Farm to School is on the Map!
By Deborah Kane, National Director, USDA Farm to School Program
Criss-crossing the country, from Maine to California, and from Florida to Washington, Farm to School programs exist from coast to coast in small, rural towns and large, urban metropolitan areas alike. They are on the map, literally and figuratively, and featured prominently in USDA’s Know Your Farmer, Know Your Food Compass.
The USDA Know Your Farmer, Know Your Food Compass is a two-part, online tool that illustrates USDA’s investments in local and regional food systems. Part one includes a narrative focusing on several different themes in local food, including farm to institution. Here, you can read stories, watch videos, and see pictures from some great projects doing Farm to School work across the country.
The map in part two of the Compass physically plots USDA investments in local and regional food, including Farm to School projects. By filtering for “farm to institution” I learned about the following programs:
In Oklahoma City, the State Department of Agriculture spearheads a Harvest of the Month program to bring more local produce into Oklahoma’s schools year-round.
In Tallahassee Florida, the New North Florida Cooperative Association delivers locally grown greens straight to school cafeterias.
In Minneapolis, the Institute for Agriculture and Trade Policy increases healthy food access for low-income children by overcoming Farm to School barriers. A quick search by zip code can help you see if the USDA is supporting a Farm to School project near you or find inspiring projects across the country.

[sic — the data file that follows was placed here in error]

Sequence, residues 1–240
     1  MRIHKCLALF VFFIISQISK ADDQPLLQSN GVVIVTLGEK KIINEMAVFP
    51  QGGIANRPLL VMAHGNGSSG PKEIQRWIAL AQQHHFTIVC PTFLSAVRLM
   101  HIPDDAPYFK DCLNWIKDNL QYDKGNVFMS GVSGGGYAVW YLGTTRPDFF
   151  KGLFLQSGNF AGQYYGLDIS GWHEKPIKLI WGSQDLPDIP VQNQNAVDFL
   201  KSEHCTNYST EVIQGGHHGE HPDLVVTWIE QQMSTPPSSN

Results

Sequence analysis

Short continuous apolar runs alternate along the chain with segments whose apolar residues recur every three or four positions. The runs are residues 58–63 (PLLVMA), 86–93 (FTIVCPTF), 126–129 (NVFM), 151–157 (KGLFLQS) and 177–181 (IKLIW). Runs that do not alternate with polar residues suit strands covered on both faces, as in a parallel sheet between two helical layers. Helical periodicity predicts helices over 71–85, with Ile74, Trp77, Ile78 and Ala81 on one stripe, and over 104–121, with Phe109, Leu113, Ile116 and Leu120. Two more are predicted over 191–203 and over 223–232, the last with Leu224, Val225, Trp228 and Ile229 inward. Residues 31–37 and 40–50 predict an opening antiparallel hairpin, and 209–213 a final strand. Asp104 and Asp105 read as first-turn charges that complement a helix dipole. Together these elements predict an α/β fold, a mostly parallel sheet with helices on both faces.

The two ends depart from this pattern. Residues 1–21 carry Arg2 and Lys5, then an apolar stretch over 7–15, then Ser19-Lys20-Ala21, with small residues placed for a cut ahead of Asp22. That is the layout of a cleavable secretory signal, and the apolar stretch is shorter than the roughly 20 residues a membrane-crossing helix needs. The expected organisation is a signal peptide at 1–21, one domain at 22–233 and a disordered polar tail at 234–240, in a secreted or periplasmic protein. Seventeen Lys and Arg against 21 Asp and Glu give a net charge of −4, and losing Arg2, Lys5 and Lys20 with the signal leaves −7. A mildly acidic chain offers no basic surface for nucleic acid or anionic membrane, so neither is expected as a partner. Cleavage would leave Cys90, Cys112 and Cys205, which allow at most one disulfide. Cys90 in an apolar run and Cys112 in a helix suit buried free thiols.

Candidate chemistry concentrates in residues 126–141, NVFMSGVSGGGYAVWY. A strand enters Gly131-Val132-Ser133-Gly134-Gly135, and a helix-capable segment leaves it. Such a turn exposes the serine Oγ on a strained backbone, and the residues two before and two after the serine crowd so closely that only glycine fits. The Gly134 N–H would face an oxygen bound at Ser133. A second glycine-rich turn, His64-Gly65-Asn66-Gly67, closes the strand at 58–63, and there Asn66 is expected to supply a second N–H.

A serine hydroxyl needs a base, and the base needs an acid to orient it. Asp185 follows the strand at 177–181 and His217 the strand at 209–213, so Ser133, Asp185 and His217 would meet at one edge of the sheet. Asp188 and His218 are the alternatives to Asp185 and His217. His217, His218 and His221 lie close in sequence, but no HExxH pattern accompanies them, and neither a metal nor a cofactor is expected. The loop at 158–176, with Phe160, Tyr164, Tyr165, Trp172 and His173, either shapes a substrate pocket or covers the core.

In addition to USDA’s investments in local and regional food systems work, starting this month, the Compass also features local and regional food investments made by nine additional federal agencies. Now you can find out about amazing projects like the Cherokee Nation Health Service’s Group Farm to School program partially supported by the Center for Disease Control in rural Oklahoma or the Collbran Job Corps Civilian Conservation Center in Colorado which, with help from the Department of Labor, is building a garden for school cafeteria use.
Each one of these projects inspires us and will surely inspire you. Later this month, we will also be announcing additional funding specifically for Farm to School programs. Find out more by signing up for our enewsletter .
(And in case you missed it, check out this USDA and White House hosted Google+ Hangout featuring Farm to School leader Chris Kirby from Oklahoma.)